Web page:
The ductwork in your heating and cooling system provides the pathway that conditioned air travels from your furnace, air conditioner or heat pump to your home's interior. When this network of pipes is well maintained and sealed, the heated or cooled air produced by your HVAC equipment will easily reach your home's interior. If there are leaks in the ductwork, however, conditioned air will be lost. This leads to wasted energy and money, inconsistent heating and cooling, and inefficient HVAC performance. Following is a brief guide to ductwork and the main reasons it can develop leaks.
What Is Ductwork?
Ductwork consists of a large network of pipes, usually square shaped and made of a thin metal, that extends to points everywhere in your home. Ducts are usually installed under the floor, but can also be placed in areas above ceilings or near the top of rooms. Supply ducts provide a pathway for conditioned air leaving your HVAC unit, while return ducts bring stale and exhausted air back to the system to be filtered, reconditioned and redistributed.
Symptoms of Leaky Ductwork
- Unexpected spikes in heating or cooling bills that cannot be traced to increased HVAC system usage.
- Problems keeping particular rooms warm or cool.
- Rooms or areas that are too warm or cool for the season.
- Areas of your home that are stuffy or uncomfortable.
- Increased amounts of airborne dust and particulates.
- Visible damage to ductwork.
Reasons for Ductwork Leaks
Ductwork leaks can account for anything from minor air losses to the loss of all the conditioned air traveling through the ducts. Ductwork should be inspected and repaired during annual HVAC system maintenance. Duct leaks can be caused by:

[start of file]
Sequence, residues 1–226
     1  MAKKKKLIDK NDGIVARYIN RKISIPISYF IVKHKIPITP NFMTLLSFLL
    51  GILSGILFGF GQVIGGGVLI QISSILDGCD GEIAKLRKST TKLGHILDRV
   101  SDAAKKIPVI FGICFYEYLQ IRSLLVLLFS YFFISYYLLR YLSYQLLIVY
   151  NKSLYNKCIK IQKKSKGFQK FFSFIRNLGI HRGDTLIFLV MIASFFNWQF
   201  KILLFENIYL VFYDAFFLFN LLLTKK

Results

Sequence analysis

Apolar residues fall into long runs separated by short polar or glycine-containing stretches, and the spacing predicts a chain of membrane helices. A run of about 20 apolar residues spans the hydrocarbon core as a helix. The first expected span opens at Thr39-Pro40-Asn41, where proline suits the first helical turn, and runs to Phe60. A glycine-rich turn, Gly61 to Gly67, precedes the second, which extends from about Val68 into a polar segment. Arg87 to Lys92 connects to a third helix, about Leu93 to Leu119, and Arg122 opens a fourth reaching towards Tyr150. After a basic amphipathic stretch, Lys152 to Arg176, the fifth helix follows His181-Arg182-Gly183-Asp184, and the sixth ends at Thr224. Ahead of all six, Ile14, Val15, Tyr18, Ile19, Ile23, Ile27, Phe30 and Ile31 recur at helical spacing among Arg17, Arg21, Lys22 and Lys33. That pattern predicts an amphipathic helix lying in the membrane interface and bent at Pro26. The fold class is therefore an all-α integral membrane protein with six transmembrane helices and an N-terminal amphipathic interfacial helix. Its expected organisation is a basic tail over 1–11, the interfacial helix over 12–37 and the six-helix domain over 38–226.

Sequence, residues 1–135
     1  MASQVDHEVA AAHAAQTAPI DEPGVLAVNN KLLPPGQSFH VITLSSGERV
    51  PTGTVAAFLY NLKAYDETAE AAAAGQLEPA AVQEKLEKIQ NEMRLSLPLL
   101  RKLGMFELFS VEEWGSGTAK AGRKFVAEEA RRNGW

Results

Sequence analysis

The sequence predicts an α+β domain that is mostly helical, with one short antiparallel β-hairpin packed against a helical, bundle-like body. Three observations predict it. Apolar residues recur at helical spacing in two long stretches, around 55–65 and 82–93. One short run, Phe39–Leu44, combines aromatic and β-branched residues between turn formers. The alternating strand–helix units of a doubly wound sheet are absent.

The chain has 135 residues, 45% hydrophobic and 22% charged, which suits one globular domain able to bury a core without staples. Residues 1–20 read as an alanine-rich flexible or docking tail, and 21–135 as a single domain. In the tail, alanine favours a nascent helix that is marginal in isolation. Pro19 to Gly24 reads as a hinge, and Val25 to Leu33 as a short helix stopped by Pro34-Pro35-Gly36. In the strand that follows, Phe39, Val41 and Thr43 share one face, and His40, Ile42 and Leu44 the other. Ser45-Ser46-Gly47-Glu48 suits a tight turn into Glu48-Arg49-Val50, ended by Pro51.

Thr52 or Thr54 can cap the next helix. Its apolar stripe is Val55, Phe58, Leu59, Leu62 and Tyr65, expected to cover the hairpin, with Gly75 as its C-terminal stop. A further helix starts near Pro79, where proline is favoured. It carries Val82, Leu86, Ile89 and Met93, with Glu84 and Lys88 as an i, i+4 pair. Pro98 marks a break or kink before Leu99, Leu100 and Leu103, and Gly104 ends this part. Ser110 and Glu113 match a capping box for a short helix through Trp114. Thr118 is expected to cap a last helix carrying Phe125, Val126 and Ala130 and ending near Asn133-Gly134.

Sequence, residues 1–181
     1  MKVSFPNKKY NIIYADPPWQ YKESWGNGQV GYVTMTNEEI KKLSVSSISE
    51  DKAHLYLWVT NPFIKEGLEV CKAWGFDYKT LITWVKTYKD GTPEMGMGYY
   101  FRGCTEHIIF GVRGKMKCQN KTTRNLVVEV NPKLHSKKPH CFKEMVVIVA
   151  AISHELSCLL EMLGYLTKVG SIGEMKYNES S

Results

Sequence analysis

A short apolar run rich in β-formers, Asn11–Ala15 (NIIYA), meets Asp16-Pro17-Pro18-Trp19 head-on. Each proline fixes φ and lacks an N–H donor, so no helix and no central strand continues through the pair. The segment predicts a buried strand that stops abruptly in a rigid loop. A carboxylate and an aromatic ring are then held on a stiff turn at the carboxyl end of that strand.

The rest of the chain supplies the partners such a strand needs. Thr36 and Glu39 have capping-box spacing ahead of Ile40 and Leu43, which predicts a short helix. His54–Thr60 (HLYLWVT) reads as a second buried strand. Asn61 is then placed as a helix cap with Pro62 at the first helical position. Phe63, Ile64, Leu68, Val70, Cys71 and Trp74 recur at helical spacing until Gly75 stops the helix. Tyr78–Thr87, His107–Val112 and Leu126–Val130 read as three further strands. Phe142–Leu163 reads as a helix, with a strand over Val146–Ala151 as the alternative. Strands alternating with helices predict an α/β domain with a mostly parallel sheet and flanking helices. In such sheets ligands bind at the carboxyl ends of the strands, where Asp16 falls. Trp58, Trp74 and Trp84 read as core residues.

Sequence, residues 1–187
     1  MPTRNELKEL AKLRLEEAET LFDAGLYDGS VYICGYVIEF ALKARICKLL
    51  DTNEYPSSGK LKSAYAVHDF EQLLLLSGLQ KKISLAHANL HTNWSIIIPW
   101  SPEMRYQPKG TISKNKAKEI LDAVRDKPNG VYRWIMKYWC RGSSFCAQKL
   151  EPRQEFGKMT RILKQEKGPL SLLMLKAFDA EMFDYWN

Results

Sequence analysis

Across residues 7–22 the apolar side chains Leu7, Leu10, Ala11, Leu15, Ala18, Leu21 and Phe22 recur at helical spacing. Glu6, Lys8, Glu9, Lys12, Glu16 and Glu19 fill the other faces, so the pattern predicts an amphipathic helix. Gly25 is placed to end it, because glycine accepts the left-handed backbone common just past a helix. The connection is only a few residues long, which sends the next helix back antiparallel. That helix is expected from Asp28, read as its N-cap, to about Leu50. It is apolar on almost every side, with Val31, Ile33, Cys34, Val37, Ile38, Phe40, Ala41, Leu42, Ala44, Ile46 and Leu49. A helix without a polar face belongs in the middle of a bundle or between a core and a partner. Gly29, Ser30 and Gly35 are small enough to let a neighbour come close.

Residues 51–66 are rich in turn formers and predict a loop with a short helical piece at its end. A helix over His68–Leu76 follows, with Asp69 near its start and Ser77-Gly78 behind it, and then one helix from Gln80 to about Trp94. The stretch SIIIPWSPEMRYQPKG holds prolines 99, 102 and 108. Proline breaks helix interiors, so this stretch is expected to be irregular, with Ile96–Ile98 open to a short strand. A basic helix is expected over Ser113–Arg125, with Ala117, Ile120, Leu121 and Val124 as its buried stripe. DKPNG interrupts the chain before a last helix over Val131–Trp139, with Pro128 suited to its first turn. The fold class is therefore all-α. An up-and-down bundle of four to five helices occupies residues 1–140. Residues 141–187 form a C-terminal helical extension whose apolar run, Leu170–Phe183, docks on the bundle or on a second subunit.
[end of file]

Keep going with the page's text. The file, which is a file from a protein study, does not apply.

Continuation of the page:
- Age and gravity: Simple age and the constant pull of gravity can cause ductwork to loosen and seals to break. Adding supports to ductwork sections can help prevent this, but eventually, it's highly likely a leak will develop somewhere within the duct network.
- Broken seals: Ducts consist of several interconnected sections of pipe. The connections at each section should be sealed with a specialized sealant called mastic or with metal tape. The sealant prevents air loss and helps hold duct segments together. If the seals between duct segments are broken, air and energy will be lost.
- Loose or detached ductwork: Similarly, ductwork segments should fit tightly together at all connections, especially at elbows and joints. Ductwork is designed to provide this tight fit, but damage, wear or age could cause the segments to come loose. A detached segment of ductwork anywhere in the system could cause almost all of the conditioned air in the duct to be lost.
- Ducts installed in unconditioned areas: Ducts in unconditioned areas, such as crawl spaces or garages, have a greater likelihood of developing leaks. In addition, energy can be lost through the thin metal of the ductwork itself. Ductwork should be insulated and diverted away from unconditioned areas wherever possible.
- Lack of mechanical fastening: Duct segments can be given additional strength by mechanical fastening at each connection. If these fasteners become loose or damaged, the ductwork segments are more likely to develop leaks or come apart.
- Rodents and animals: Ductwork can serve as shelter to mice, squirrels, rats, or other rodents and small animals. As these creatures move around within or on the outside of the ducts, they can cause seals to break or segments to become loose.
- Zone pressurization: Rooms and areas inside your home can develop pressure differences that cause air to leak from ductwork. Inadequate supply and return ducts or the lack of enough return registers can make the problem worse.
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